Even though modern seismic surveys are timed to avoid important seasons for known marine life there is no way to minimize the impact this will have on marine life that is currently nearby and "out of season" or out of the public eye.

I mentioned to a fellow geophysicist that submarine echo sounders were likely the cause of marine mammal beachings and this person, a PhD in Geophysics, told me that I was wrong because he had studied the issue for the industry and the energy from those tests was too low, the wrong bandwidth, etc. He said he would buy me lunch and show me the data to back that up.

I'm glad I have had the means to purchase my own lunch since that offer was made.

Judging by the picture of the explosion and doing my trigonometry calculations, it was 2.3 miles away from the explosion.

Cool - fuck the whales so we can test our war machine. This is stupid.

Well, this is short-term. Long-term, if they don't test their war machine, a new war can break up and kill waaaay more whales in the process, quite possibly all of them.

If any whales surface to the top upside down they collect them and cook them up. Cycle of life.

Err, I guess you'd be repulsed at what some society's did to make sure they had enough oil to light their lamps back in the day...

Great argument. You know what people also used to do in the past? Rape and pillage. Let's do that, too! Hey, there's also historical precedent for slavery. Let's reintroduce it!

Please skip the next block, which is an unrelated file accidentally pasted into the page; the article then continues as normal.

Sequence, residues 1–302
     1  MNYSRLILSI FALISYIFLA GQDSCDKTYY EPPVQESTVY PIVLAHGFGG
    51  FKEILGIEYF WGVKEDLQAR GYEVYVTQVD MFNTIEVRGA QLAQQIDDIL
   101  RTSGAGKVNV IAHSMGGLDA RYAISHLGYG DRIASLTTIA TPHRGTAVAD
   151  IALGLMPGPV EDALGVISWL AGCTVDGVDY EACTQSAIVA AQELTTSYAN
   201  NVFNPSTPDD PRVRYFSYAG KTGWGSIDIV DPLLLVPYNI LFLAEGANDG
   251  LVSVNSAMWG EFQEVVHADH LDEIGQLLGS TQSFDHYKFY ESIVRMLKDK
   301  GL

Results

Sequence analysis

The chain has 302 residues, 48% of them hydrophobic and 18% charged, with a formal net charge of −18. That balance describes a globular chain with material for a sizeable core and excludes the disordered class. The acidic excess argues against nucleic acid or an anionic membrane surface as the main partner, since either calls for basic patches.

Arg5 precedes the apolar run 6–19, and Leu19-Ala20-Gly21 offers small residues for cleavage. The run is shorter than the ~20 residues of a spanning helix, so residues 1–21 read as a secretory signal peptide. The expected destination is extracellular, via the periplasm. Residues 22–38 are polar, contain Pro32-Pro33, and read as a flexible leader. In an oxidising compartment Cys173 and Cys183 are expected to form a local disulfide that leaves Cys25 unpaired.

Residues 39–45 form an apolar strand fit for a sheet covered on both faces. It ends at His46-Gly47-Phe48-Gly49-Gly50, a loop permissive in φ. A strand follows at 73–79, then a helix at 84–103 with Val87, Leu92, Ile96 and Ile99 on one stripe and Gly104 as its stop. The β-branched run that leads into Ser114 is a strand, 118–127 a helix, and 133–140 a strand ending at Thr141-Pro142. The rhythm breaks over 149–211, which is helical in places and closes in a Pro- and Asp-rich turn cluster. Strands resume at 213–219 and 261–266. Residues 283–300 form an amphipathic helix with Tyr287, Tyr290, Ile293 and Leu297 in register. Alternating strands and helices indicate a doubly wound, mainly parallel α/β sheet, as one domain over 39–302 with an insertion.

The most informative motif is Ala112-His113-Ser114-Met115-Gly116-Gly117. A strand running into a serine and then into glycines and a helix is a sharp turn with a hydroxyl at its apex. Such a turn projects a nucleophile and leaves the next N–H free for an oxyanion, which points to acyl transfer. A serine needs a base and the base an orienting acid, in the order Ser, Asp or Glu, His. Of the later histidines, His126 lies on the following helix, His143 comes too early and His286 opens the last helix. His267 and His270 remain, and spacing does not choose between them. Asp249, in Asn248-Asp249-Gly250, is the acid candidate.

Or the fact that Japan still hunts whales.

Canada hunts over twice as many whales as Japan. The US almost as much as Japan. Plenty of other countries putting up big numbers as well. Weird to single out Japan when the article isn't about Japan.

For context, whaling in Canada is entirely done by indigenous peoples using (more or less) traditional methods. Japanese whaling is industrial/commercial in nature (even though it’s performed under the guise of “research”).

Any idea of the budget for a test like this?

A carrier group costs around $7 million per day including upfront investment and operating costs [0]. Military high explosive costs around $100/kg, or $2m for a bomb this size. [1]

So, somewhat surprisingly to me, this operation was not just a rounding error in the daily budget.

[0] https://web.archive.org/web/20140813034340/http://www.cnas.o...

[1] https://newatlas.com/cl-20-high-power-military-explosive/240...

I think when you’re doing things on an aircraft-carrier scale the budget is usually, “yes.”

Misleading title.

> US Navy set off a 40k-pound explosive to test its new supercarrier

How is that misleading? Isn't that exactly what they did?

The title was previously "US Navy set off a 40k-pound explosive on its new supercarrier".

They did not, in fact, destroy a brand new supercarrier by setting off a 40k-pound explosive on it :-)

"On" is a flexible word:

> preposition, 1c. —used as a function word to indicate position in close proximity with: a village on the sea; stay on your opponent

* https://www.merriam-webster.com/dictionary/on

Most words are "flexible" and you have to take them in context to choose which of multiple possible meanings is most appropriate. In the case of explosive weapons, "on" usually means that the object of the preposition is the point of impact, as in "dropping bombs on target X".

TL:DR; The phrase "A bird dropped a large splat on my head" generally implies a much more upsetting prospect than simply "A bird dropped a large splat in my general vicinity."